Apple's iPad Mini mishap: scratching out the retina screen
1024 x 768 may be handy for developers, but it's no good for readers
Analysis Apple will undoubtedly sell more than enough iPad Minis to keep its shareholders happy. Its fans might be less impressed with the diminutive tablet.
Sure, the new, small slate looks smart, but Apple seems to have taken little account of the competitive landscape. It’s true, in most respects its 9.7in iPad is well ahead of the competition. Owners of rival devices will disagree, but the sales say it all.
But with the “retina” display, the iPad offers something few other tablets match. That’s not the case with the Mini.
Apple executives lined up the new device against the Asus-made Google Nexus 7. Certainly, the Apple product has a larger screen, but in doing so it has made the Mini almost a centimetre and a half wider: 134mm. That may be fine for large-handed Apple bosses to hold in a single mitt, but it’s a stretch for some of us. By comparison, the Nexus 7’s 120mm width gives it a perfect cover-folded-round paperback size.
Yes, the iPad Mini is thinner than the Nexus, but there’s less than 3mm in it.
More important though is the screen. Apple’s is 1024 x 768. That’s good for developers, of course, but it won’t render text as sharply as the Nexus’ 1280 x 800 panel, and certainly not the 2048 x 1536 screen on the 9.7in iPad. The iPad Mini has pixel density of just 163ppi, more than the iPad 2’s 132ppi, of course, but still a lot less than the Nexus’ 216ppi.
Enough processing power to smooth the flow of UI animations and games is good, but a crisp display, which benefits all apps, is better. Text rendering quality is arguably the ‘killer app’ in a tablet.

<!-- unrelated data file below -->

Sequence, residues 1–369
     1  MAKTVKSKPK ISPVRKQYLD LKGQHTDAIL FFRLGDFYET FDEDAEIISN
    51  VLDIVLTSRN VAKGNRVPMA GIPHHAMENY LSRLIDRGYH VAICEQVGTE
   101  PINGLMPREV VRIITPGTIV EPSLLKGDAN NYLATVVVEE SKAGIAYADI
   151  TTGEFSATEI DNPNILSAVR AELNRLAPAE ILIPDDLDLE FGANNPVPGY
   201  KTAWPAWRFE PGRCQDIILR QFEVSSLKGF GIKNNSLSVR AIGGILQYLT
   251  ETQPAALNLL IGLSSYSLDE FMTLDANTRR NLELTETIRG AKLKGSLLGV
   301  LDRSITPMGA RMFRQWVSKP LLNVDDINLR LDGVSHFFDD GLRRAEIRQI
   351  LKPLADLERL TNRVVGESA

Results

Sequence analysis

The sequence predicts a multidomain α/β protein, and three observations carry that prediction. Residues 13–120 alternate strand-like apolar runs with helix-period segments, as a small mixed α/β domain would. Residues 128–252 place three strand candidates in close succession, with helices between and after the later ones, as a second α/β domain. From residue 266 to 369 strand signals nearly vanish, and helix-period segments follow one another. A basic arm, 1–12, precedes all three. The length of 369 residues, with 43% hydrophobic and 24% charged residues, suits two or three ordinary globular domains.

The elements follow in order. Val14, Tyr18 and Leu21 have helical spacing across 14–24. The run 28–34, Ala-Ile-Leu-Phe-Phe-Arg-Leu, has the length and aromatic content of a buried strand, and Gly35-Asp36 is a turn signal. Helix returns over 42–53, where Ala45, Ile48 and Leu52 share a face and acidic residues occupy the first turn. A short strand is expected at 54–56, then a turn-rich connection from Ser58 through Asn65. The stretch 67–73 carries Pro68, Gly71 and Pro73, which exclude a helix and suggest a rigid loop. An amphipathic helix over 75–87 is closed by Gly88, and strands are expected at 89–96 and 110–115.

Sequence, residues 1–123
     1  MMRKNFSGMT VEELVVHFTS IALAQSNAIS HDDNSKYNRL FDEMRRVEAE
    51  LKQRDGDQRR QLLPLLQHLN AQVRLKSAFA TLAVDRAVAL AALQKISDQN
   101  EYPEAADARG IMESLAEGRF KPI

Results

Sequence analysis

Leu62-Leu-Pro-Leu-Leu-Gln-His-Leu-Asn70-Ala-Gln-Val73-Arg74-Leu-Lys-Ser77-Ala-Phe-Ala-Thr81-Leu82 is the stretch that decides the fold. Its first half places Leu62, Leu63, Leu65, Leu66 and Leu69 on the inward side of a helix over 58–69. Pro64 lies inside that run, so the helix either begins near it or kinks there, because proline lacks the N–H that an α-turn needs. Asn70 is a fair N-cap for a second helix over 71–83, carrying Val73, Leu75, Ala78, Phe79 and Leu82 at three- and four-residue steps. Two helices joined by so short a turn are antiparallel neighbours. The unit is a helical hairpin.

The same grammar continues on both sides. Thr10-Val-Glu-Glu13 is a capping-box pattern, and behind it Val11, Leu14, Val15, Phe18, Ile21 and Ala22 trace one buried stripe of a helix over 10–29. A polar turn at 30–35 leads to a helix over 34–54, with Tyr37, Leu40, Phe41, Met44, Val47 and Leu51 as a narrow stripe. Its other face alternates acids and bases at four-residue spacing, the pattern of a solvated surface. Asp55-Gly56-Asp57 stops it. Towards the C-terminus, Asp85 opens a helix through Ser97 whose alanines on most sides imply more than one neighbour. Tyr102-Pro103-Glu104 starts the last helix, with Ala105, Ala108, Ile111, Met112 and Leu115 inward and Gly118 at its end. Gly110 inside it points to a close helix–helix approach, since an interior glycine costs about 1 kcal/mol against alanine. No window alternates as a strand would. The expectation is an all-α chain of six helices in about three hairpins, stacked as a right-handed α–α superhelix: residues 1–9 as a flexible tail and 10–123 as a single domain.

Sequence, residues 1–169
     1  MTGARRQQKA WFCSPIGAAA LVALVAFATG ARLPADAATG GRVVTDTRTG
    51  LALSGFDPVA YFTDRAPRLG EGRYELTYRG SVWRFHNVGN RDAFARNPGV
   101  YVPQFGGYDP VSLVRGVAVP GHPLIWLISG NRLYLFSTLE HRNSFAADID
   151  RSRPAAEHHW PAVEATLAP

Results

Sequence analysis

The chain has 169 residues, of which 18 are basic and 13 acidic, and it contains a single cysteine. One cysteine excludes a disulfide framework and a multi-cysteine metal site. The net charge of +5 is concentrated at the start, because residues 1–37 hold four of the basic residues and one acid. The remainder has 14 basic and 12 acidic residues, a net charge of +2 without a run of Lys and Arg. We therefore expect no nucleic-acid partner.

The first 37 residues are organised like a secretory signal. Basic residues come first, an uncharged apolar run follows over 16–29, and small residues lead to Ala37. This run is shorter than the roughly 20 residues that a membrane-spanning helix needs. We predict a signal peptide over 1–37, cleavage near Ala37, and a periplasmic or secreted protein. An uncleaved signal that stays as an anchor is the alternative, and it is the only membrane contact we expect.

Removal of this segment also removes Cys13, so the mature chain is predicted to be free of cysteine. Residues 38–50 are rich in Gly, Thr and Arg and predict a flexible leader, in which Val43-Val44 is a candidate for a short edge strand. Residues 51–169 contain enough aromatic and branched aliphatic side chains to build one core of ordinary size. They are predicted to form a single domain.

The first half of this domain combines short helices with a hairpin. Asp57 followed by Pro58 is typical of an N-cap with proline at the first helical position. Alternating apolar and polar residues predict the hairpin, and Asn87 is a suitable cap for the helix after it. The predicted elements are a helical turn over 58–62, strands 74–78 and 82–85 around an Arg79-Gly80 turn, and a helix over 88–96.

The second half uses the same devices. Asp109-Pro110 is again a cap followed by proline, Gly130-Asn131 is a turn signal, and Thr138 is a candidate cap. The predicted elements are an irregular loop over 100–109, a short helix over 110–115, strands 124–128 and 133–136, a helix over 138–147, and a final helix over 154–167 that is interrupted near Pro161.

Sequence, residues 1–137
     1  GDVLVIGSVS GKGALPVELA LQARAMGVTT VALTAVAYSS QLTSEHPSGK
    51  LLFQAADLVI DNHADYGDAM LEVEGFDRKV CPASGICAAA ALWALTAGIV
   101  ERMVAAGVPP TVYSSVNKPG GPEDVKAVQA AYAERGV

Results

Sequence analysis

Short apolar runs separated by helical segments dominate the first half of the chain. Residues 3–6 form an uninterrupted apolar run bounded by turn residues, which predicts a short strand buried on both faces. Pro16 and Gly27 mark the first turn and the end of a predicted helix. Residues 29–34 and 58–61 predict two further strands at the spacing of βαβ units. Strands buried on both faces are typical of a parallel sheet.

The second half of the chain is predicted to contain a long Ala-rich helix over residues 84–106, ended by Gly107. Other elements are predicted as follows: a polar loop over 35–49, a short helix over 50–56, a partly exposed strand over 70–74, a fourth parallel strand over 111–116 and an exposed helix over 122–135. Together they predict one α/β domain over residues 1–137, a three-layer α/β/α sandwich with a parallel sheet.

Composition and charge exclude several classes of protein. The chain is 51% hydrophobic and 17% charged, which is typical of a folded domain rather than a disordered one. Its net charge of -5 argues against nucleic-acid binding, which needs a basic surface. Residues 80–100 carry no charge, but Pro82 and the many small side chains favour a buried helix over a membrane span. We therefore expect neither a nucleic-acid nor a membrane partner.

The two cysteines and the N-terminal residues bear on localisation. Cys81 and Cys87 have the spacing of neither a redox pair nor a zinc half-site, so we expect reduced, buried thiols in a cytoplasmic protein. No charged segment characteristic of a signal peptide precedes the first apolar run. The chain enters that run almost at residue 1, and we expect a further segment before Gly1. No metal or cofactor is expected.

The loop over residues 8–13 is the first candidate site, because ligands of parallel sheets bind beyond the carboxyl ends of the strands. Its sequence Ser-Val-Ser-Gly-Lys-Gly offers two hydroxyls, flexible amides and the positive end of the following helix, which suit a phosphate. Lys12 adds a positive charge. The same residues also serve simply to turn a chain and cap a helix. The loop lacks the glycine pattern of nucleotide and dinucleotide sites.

Not going “retina” seems doubly a mistake when the Mini is so clearly aimed at buyers wanting a convenient device on which to read e-books, and when it’s the first thing potential buyers see when they view the product - usually right alongside alternatives - in shops and stores.
It’s telling that almost all of the hands-on write-ups of the new device focus on size and weight, not the screen. Yet no matter how you hold the device, or whether you rest it on a convenient surface, the one thing you will always do is look at it.
Having grown accustomed to smooth text on my smartphone and enjoyed it on a Nexus 7 too, I’m now missing it on my iPad 2. I’m certainly not going to skip it on a new small tablet.
Crucially, though, why buy a £269 iPad Mini when you can have an equally serviceable Nexus 7 for £199 - or even £159 if you’re willing to put up with a plenty-for-books 8GB? Were the Nexus - or any of the 2012-released Tegra 3-based 7in tablets that have come out - some cheap Chinese knock off built out of silver-sprayed plastic, it would be a no-brainer: buy the Apple. Put two tablets in ordinary buyers’ hands and they’d almost inevitably say they prefer the Apple product.
Even as little as nine months ago, the Mini might have stood head and shoulders above the competition. But not any more. The Mini’s rivals are now well-made products which deliver a great user experience and can - and do - impress as much as the Apple offering.
This is not to say the Mini is a poor product. But on the basis of the spec, it delivers a lesser user experience than the latest 7in Android tablets - and does so at a greater cost.
This is just another example of Apple’s ‘premium brand’ strategy, of course, which it has been able to rely on in the past. With the Mini, though, it may have miscalculated. It isn’t offering enough to justify the extra cost. ®